Researchers use our freezers for preserving dental pulp, but Dr Qutieshat, a dental researcher, used one of our profile machines from twenty years ago for measuring hardness in his research on an Artificial Mouth - looking at tooth enamel erosion. Dr Abubaker Qutieshat, of the University of Dundee, recently published this research on designing and validating a "Realistic Artificial Mouth Model for Dental Erosion Research" undertaken in Dec 2015. The clever system he built sought to mimic the interaction of saliva and dental substrate during the process of consuming erosive beverages. His model allows researchers to gather data using customizable experimental diets. This allows samples preloaded on the system to be tested for surface characteristics (i.e. surface hardness and surface profilometry) to determine the extent of any erosion.
To validate the capabilities of his artificial mouth system a set of diets was repeated. His is the first study to report human drinking behaviour values for carbonated beverages in a social environment. In addition, 'Saltus' (his model) is the first in vitro model that simulates natural human drinking behaviour in terms of a test beverage flow rate and quantity with temperature and consumption time.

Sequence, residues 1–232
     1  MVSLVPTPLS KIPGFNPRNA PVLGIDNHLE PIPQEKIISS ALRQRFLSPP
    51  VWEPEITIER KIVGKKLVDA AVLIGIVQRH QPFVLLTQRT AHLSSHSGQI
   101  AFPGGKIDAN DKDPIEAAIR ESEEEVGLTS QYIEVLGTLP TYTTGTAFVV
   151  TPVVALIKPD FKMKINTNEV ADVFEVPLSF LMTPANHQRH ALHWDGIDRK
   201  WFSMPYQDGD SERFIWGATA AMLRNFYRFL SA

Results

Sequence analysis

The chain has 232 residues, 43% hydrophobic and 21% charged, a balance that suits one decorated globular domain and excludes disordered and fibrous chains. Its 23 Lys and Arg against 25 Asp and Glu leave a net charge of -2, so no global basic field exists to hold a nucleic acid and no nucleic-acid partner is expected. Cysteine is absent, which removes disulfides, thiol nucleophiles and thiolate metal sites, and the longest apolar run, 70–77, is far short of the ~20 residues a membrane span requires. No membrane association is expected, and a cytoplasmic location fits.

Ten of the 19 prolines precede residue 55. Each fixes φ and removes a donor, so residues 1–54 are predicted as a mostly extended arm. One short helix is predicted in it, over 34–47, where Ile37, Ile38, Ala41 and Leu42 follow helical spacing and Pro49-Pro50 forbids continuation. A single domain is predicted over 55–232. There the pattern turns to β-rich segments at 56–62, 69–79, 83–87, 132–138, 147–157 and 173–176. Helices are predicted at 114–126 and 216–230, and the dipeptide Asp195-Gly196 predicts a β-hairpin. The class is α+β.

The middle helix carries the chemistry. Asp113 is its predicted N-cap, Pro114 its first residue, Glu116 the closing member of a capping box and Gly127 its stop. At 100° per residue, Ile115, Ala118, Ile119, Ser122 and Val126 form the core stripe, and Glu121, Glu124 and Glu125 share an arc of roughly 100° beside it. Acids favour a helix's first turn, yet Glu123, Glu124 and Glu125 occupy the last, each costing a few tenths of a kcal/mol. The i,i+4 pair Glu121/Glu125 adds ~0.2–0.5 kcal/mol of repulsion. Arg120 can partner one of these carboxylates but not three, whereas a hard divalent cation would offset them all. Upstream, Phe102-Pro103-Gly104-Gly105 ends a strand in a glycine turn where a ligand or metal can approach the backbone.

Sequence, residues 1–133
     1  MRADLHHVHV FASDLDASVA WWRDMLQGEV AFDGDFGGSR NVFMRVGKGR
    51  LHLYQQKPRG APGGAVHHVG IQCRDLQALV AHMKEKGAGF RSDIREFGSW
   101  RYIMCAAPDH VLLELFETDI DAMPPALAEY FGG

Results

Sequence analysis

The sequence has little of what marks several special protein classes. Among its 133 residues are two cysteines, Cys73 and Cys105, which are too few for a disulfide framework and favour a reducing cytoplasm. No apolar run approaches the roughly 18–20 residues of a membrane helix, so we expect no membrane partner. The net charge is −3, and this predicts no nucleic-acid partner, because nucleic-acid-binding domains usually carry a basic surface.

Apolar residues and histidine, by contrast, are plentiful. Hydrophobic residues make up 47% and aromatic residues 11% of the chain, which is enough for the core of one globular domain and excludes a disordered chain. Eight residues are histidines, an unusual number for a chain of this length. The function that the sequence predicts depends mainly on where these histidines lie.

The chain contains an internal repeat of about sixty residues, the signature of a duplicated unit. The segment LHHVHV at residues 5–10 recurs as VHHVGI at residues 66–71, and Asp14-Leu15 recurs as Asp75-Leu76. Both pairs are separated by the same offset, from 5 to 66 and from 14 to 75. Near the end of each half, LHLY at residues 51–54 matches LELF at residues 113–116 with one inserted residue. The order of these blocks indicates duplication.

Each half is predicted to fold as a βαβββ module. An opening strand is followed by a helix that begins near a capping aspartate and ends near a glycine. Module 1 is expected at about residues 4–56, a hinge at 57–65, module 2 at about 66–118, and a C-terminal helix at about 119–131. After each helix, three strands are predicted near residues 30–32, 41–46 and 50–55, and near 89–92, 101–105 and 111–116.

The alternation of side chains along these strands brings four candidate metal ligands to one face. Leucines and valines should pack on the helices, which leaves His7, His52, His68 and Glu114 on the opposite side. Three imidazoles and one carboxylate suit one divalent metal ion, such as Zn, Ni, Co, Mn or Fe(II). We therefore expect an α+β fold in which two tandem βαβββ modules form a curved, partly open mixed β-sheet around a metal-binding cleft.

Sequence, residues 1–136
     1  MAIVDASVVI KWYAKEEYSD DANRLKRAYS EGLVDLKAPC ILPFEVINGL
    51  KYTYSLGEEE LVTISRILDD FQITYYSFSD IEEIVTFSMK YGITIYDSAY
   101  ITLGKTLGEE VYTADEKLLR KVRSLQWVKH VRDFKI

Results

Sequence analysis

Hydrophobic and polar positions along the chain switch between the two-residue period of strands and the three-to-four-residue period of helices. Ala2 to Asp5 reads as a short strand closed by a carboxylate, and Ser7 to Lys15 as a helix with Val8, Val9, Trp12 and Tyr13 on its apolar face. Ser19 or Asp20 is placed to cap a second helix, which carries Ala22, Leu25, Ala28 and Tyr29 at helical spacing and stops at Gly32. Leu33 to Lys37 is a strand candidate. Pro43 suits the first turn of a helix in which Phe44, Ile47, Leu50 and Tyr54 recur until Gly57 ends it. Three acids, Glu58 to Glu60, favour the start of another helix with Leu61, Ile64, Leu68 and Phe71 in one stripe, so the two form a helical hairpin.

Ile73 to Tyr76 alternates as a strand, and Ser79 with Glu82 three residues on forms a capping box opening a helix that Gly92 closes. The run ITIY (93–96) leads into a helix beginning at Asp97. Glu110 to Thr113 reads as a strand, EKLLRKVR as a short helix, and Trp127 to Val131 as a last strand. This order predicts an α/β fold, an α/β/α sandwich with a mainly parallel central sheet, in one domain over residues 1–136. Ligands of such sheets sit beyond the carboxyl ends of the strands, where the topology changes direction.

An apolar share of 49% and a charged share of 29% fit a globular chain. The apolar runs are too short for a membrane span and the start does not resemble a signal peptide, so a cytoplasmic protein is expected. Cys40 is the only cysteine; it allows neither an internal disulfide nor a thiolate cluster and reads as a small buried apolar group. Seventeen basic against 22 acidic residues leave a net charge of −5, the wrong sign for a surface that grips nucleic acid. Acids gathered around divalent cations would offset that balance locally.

A food or drink that has a pH of 7 is considered neutral, but many foods and beverages are in fact acidic. The acid content in convenience food and drinks is important for flavour, taste and shelf life.
Dental tissue loss has been quantified using several techniques but one of the most reliable techniques is profilometry which measures the amount of loss relative to a non-affected reference area . In this case the Specimen surface loss was quantitatively measured using a Planer SF220 Surface Profiler, made by us some twenty years ago! The diamond stylus in the machine was moved in a straight line across the specimen surface using reference and guidance lines that were marked on acrylic resin surface. And ... the artificial mouth 'Saltus' has won the European Federation of Conservative Dentistry Merit Award.